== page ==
Will new Pope come from the developing world?

Martha Linden

NO clear front-runner has emerged as a successor to Pope Benedict XVI, who formally resigns today as leader of the Roman Catholic Church.

Cardinals across the globe are arriving in Rome in advance of the conclave, when those eligible to vote are literally locked away to cast ballots in secret in the Vatican's Sistine Chapel.

Cardinals are expected to take part in general congregations, pre-conclave meetings where they discuss the qualities needed in a future Pope.

Speculation is mounting that the cardinals could choose to back a candidate from the developing world – either Africa, Latin America, or Asia – which have the largest Catholic populations.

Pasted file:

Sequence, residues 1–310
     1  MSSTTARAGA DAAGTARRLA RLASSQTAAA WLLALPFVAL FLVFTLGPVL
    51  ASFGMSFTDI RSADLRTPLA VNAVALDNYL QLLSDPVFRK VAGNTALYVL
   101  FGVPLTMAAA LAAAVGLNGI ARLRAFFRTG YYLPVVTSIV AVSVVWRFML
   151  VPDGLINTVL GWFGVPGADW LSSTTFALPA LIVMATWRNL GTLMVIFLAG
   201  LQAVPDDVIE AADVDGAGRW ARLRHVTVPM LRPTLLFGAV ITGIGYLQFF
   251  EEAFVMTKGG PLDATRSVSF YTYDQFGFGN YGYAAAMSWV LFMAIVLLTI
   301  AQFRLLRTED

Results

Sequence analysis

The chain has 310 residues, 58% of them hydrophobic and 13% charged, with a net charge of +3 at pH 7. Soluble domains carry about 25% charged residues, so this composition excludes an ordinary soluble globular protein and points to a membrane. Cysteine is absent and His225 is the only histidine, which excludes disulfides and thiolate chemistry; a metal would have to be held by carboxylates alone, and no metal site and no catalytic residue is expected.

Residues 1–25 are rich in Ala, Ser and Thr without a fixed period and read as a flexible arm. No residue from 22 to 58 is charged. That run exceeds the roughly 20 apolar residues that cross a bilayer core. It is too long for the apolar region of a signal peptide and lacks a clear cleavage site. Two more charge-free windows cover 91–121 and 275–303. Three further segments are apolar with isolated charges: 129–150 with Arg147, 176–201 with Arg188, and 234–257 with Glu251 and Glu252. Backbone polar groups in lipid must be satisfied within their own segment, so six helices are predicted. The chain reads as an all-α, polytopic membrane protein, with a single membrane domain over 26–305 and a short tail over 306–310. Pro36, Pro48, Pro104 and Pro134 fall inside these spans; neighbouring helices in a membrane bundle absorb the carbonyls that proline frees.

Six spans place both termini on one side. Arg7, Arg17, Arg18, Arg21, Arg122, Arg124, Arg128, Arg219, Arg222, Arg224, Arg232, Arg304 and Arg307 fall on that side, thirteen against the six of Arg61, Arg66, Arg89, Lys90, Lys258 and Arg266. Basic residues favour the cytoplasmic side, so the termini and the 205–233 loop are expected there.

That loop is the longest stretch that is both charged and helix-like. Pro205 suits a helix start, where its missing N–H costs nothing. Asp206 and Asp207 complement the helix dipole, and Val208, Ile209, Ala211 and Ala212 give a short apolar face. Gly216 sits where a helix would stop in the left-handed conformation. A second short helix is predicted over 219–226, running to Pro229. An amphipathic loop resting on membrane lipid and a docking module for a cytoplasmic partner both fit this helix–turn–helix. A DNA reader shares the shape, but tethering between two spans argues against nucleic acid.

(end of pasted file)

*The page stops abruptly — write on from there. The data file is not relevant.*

But it is unclear whether a cardinal from any of these continents would be able to command the necessary majority.


By country, Italian cardinals make up the biggest group of electors, at 28 votes and by continent, Europe is dominant with 62 electors.

There has not been an Italian Pope since John Paul I died in 1978 and some commentators believe that the papacy could well revert back after the reigns of John Paul II, a Pole, and Pope Benedict, who is German-born.

Michael Walsh, a Vatican expert and historian, said he believed the papacy could return to an Italian.

He said Pope Benedict's choice of Cardinal Gianfranco Ravasi to lead the Vatican's Lenten spiritual retreat this year was "significant" as this was viewed as a papal favour.

"Clearly there is a lot of pressure from around the Church for somebody from Africa or Latin America," he said.

"The question is – who is it going to be? The only names being regularly mentioned are Cardinal Peter Turkson from Ghana and Cardinal Odilo Scherer from Brazil.

"I think what they may very well do is go back to an Italian.

"The Italians are a very large contingent. They are more likely than most to operate as a bloc, because they know one another.